Ernst & Young Says China Firm has Papers Regulator Seeks

Ernst & Young Hong Kong, which resigned as the auditor in 2010 for a Chinese water treatment company planning an initial public offering, doesn’t hold the audit papers the city’s regulator wants, a court was told.

“The performance of the engagement was carried out by Hua Ming and all the working papers were created by staff of Hua Ming,” the audit firm’s lawyer Benjamin Yu said yesterday, referring to its Beijing-based affiliate Ernst & Young Hua Ming.

Hong Kong’s Securities and Futures Commission, which is seeking the documents in relation to Standard Water Ltd.’s failed attempt to go public, believes Ernst & Young Hong Kong either possesses or has access to the documents, its lawyer Jat Sew Tong told the city’s Court of First Instance yesterday.

Ernst & Young Hong Kong resigned as Standard Water’s auditor in March 2010 citing the discovery of inconsistencies in the company’s documents. Standard Water subsequently withdrew its listing application.

It would be risky for Ernst & Young Hong Kong to resign if it had not obtained detailed information about the inconsistencies, Jat told the court today. Standard Water might sue the auditor if the basis for the resignation was questionable, Jat said.

Secrecy Laws

“How would EY obtain documents to defend itself if it was unable to get them from EY Hua Ming?” Jat asked Alden Kwok Ki Leung, a partner of Ernst & Young Hong Kong testifying in court today.

The work papers held by Ernst & Young Hua Ming can’t be provided to the SFC directly because of secrecy laws in China, Ernst & Young Hong Kong has said. Jat yesterday said the audit firm has failed to demonstrate what secrecy laws apply.

If Ernst & Young Hong Kong needed the documents to defend itself, it could ask Ernst & Young Hua Ming to seek approval from relevant authorities in China, Leung told the court today.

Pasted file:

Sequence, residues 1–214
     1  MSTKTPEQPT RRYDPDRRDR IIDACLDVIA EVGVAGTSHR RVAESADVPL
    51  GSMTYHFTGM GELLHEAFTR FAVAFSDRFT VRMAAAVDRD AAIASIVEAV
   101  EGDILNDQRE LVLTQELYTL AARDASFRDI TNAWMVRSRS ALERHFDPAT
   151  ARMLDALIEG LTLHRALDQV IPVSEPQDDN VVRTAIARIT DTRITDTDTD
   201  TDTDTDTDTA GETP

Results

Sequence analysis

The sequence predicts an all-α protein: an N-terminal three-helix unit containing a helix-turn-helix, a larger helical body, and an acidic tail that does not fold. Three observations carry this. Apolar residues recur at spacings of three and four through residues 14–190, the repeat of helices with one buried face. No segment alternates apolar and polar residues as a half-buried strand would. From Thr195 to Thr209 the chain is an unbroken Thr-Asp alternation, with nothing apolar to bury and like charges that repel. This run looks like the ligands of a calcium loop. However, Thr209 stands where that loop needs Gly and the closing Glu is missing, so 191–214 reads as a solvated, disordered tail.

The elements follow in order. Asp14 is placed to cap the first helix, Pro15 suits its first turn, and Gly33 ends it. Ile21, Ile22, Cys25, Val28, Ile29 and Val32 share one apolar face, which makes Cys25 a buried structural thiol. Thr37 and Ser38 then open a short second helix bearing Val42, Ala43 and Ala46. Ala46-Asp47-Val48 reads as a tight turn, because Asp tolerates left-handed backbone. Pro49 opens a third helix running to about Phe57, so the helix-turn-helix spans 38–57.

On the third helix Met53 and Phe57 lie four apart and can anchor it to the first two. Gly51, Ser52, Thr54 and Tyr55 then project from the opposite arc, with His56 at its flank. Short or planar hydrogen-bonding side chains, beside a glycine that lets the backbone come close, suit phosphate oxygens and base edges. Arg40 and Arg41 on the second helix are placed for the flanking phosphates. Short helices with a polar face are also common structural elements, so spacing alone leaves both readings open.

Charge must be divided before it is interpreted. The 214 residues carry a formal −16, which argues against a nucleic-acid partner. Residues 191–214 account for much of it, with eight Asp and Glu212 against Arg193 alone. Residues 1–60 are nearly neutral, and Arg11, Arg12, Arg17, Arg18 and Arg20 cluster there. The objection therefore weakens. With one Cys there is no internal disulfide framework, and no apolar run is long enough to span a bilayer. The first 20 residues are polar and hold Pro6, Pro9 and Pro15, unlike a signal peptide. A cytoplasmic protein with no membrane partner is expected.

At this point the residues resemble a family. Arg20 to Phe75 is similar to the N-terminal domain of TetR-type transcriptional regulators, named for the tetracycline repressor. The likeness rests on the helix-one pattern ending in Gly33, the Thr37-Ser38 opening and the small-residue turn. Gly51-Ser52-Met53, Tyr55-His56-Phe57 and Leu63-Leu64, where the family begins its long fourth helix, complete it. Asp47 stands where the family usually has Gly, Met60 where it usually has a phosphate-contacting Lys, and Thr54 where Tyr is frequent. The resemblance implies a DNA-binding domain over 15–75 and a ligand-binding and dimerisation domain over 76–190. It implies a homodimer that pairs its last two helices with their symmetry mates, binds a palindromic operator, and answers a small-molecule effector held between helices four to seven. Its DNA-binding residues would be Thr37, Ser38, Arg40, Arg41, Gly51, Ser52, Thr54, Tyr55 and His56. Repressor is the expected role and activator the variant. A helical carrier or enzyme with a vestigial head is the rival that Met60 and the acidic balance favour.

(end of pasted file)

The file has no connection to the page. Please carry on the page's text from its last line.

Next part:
The SFC is making banks criminally liable for false statements in IPO documents and strengthening regulation after a series of accounting scandals involving Chinese companies. It says auditors must be able to discuss their working papers as part of Hong Kong’s regulatory framework, and that its lawsuit followed consultation with Chinese authorities.

The structure presumes that “the watchdog auditor will be able to put the bloodhound regulator on the scent,” SFC Chairman Carlson Tong said in a speech earlier this month.

Chinese legal restrictions are also at issue in a U.S. Securities and Exchange Commission case against affiliates of international accounting firms.

U.S. Traded

Deloitte Touche Tohmatsu CPA Ltd., Ernst & Young Hua Ming, KPMG Huazhen and PricewaterhouseCoopers Zhong Tian CPAs Ltd. have refused to cooperate with accounting investigations into nine companies whose securities are publicly traded in the U.S., the SEC said in an administrative order on Dec. 3. BDO China Dahua Co. was also named by the SEC in the action.

The SEC, U.S. Public Company Accounting Oversight Board, China’s Ministry of Finance and the China Securities Regulatory Commission have been unable to resolve differences over the inspection of audit documents.

The case is Securities and Futures Commission and Ernst & Young, HCMP1818/2012 in the Hong Kong Court of First Instance.

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